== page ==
Wind surfing has been a large part of my life for many years you can see some of the photos from trips windsurfing in the North Sea. When I was in Minnesota I often surfed on the lakes there in the spring and fall when the winds are blowing hard.
Every Year for many years running I was a participant in the Mille Lacs Lake Crossing. This is a windsurf race across Lake Mille Lacs. If your not familiar with the Lake it is one of the largest lakes in Minnesota. (and in Minnesota that’s saying something). It is 25 miles across at its widest point. When you are standing on the beach at one side you cannot see the other shoreline. It disappears because of the curve of the earth.
If you happen to be out on the lake when the winds get to blowing 25 miles and hour plus the waves can get up too 10 or 12 feet tall. Small boats don’t stand a chance on the lake when the wind is blowing that hard. However windsurfers with there ability to lay in the water and restart without swamping like boats can have a great time out there in the big waves.
The Mille Lacs crossing would often draw a 100 or so surfers to the town of Garrison on the shores of Mille Lacs for the weekend late in September when its held. People would camp and stay in RV’s or hotels and make a weekend festival of it. The crossing then would be held on either Saturday or Sunday depending on what day was the best wind day. There was banquets and party’s, breakfast was served, and a great time was usually had around the campfire at night or in the Casinos nearby.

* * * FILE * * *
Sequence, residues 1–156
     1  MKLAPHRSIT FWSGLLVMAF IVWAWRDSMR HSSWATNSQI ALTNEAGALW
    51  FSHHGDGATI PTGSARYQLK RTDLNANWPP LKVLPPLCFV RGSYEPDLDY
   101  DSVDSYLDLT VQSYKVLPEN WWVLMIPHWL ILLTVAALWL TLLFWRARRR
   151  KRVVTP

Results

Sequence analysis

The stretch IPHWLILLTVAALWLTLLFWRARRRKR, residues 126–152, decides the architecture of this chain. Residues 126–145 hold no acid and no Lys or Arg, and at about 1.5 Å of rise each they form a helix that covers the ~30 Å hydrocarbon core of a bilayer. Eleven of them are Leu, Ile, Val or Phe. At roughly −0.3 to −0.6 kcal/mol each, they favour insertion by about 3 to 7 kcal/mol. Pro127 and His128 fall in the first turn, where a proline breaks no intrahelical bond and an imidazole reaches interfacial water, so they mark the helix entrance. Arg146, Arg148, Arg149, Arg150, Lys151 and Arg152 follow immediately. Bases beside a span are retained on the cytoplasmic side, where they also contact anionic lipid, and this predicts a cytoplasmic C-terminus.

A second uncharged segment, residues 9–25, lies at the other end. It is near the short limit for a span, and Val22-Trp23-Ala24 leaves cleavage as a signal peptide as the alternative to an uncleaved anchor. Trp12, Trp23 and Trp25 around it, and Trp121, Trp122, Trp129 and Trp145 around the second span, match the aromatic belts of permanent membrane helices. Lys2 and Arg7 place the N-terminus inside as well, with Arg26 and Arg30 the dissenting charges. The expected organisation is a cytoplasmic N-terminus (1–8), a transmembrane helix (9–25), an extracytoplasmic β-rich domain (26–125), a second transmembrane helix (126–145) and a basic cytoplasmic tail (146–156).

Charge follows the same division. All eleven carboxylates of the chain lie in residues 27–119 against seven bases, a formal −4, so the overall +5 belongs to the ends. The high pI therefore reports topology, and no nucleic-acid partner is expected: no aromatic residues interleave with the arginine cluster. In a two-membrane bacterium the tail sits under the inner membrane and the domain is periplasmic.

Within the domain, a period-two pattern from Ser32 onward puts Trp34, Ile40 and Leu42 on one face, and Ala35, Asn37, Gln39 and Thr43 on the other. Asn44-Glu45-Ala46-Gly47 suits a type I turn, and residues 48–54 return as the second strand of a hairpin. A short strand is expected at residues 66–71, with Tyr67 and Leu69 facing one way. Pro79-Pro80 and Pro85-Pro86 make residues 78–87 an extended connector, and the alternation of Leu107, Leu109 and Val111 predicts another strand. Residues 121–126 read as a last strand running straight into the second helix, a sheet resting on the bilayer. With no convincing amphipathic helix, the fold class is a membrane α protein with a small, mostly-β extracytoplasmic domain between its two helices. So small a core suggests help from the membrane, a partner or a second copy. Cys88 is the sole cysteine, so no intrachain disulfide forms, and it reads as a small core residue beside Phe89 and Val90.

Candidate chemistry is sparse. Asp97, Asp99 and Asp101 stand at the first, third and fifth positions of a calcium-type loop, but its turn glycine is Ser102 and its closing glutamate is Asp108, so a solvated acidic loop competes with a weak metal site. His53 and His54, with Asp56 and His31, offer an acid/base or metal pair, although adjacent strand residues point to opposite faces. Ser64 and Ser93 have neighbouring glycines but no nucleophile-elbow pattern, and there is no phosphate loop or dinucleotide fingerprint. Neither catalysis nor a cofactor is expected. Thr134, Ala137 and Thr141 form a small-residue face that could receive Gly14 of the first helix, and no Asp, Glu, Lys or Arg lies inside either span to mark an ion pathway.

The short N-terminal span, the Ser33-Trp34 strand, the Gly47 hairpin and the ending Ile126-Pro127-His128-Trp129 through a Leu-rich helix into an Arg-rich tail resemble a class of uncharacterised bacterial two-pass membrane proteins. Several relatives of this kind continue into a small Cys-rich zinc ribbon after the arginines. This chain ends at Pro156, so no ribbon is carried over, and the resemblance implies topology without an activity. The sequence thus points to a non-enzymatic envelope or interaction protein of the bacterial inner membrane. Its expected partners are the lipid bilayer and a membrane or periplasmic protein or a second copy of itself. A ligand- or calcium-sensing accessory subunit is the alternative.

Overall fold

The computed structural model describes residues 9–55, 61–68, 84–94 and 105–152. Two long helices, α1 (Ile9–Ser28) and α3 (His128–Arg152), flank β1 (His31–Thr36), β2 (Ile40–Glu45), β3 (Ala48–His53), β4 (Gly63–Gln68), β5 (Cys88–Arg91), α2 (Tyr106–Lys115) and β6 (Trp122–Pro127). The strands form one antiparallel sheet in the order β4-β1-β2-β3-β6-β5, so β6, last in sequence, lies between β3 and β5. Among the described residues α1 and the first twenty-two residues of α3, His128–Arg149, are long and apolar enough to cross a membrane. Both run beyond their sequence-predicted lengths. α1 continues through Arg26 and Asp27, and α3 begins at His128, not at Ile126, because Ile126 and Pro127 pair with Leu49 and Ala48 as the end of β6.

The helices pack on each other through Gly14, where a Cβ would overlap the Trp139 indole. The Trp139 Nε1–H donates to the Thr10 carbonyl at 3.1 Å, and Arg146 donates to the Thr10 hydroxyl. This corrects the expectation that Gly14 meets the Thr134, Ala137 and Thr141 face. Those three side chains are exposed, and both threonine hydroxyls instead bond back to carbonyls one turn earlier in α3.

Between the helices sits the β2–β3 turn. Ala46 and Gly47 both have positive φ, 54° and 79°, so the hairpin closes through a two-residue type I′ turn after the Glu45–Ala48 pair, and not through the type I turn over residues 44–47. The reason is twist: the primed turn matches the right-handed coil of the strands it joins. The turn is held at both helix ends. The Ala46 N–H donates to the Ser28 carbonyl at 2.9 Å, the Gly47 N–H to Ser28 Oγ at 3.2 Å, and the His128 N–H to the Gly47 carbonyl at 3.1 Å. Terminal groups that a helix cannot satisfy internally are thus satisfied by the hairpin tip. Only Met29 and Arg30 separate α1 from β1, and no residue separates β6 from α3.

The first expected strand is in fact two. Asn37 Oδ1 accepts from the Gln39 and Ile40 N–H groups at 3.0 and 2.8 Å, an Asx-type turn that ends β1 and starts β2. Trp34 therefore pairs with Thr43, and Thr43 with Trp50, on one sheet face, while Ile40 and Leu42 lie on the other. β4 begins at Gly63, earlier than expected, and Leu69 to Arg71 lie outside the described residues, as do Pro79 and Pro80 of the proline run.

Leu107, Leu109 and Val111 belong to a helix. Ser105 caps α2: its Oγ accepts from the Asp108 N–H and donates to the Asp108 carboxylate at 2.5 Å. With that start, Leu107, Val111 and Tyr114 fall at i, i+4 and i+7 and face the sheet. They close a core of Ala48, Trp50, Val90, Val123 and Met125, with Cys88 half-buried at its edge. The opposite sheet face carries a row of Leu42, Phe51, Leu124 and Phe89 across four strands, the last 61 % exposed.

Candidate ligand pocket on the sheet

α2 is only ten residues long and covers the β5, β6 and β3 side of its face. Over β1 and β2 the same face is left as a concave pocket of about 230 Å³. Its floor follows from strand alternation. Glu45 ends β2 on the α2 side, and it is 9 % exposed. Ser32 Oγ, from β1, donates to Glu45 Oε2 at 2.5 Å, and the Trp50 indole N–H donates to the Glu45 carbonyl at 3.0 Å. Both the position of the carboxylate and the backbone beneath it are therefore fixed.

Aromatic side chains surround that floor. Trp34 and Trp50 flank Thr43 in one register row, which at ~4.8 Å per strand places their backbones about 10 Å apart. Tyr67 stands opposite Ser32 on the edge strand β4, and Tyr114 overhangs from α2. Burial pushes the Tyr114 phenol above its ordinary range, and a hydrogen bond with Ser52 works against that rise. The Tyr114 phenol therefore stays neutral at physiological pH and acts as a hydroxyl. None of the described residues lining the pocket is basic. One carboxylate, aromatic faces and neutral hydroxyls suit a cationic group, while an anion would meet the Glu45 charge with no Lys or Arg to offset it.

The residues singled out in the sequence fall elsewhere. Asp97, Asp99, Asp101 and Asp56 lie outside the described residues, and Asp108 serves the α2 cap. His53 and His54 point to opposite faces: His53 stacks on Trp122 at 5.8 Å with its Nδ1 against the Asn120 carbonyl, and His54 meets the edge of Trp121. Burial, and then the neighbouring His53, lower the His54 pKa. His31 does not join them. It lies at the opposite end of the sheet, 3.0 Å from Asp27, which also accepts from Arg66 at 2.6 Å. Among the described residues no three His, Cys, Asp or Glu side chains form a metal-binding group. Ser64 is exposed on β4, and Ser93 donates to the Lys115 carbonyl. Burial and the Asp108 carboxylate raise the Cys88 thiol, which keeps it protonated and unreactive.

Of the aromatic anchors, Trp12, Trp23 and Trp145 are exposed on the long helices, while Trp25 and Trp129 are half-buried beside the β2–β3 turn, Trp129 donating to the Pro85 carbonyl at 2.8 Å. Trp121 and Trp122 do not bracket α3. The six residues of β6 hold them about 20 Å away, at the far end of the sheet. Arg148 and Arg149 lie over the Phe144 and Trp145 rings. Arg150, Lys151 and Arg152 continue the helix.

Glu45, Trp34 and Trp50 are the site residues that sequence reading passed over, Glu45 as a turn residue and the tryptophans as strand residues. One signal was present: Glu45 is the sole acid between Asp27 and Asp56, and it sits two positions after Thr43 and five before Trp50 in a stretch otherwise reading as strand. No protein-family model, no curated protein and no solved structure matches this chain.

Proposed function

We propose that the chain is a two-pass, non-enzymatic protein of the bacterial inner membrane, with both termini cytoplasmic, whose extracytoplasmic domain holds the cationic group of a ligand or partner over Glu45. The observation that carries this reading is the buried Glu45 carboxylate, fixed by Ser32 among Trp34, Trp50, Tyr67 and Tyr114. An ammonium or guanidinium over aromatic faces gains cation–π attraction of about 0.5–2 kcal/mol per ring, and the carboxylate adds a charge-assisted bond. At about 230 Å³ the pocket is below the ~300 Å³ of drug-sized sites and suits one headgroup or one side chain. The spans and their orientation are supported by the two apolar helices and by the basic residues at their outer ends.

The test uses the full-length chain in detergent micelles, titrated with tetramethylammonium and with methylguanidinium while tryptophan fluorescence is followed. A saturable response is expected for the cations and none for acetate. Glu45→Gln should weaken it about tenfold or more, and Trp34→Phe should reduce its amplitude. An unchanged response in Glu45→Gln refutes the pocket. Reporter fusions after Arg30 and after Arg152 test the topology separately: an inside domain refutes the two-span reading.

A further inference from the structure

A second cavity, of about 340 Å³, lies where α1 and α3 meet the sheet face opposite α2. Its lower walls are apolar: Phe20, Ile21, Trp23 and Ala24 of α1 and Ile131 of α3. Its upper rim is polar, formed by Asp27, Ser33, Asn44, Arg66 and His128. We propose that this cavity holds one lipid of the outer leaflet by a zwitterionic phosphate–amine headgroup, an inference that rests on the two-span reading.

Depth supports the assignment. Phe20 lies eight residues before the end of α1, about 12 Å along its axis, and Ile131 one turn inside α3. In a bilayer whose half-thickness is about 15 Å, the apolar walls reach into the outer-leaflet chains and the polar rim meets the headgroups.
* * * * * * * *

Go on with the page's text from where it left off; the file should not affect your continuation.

People would pull all sorts of different trailers filled with their windsurfing equipment and park it by the beaches where they were sailing.
Here is my trailer and rigs for one of the races.
Some times the race would be over in 45 minutes. If you have a 30 mile and hour wind blowing you can cross a 25 mile long lake in 45 minutes on a windsurfer. Other years with not so much wind it could take 4 or 5 hours to cross. It is always a puzzle as to what rig you should run on the lake because the wind can change with a moment notice and if you happen to have too big or too small of a sail on out in the lake for the wind you are in for trouble.
Some years there would be a large 50 foot launch boat that followed with observers in. This allowed the spouses to come along for the ride so to speak.
Other years the wind blew so hard the boats were forced off the lake. I remember one year getting lost on the lake because you could not see the shore in any direction. The waves were so high and the gray mist from the wind and water made it impossible to see. Unable to see the lead boat I got off course and missed the finish line by 5 miles.
The fastest crossing were always the most fun, but no matter what the weather for the weekend turned into there was always fun. Wind surfing was certainly an adventure.